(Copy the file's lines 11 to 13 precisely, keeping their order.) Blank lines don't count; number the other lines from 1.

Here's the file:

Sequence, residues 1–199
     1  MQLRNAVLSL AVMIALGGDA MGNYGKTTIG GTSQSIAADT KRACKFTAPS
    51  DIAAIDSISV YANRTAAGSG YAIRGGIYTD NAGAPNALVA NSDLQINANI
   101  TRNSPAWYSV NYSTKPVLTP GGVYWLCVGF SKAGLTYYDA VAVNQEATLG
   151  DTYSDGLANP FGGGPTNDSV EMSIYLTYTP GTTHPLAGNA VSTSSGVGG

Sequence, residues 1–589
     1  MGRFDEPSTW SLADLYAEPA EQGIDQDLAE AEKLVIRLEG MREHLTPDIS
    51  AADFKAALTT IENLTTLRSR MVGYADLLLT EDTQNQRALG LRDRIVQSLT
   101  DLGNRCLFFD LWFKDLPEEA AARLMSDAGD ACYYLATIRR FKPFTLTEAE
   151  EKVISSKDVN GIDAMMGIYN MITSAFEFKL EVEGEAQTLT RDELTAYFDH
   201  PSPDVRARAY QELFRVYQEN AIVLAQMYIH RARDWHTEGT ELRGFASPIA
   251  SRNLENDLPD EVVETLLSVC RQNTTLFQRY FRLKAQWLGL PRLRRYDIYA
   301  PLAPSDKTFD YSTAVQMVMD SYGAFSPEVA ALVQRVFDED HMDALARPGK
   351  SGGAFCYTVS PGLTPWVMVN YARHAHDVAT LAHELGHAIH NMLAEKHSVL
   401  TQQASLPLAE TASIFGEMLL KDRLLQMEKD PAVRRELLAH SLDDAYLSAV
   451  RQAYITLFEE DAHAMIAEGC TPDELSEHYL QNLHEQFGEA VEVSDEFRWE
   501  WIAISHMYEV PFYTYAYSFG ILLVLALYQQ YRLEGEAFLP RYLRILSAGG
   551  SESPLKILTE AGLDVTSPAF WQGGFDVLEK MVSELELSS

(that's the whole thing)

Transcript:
   201  PSPDVRARAY QELFRVYQEN AIVLAQMYIH RARDWHTEGT ELRGFASPIA
   251  SRNLENDLPD EVVETLLSVC RQNTTLFQRY FRLKAQWLGL PRLRRYDIYA
   301  PLAPSDKTFD YSTAVQMVMD SYGAFSPEVA ALVQRVFDED HMDALARPGK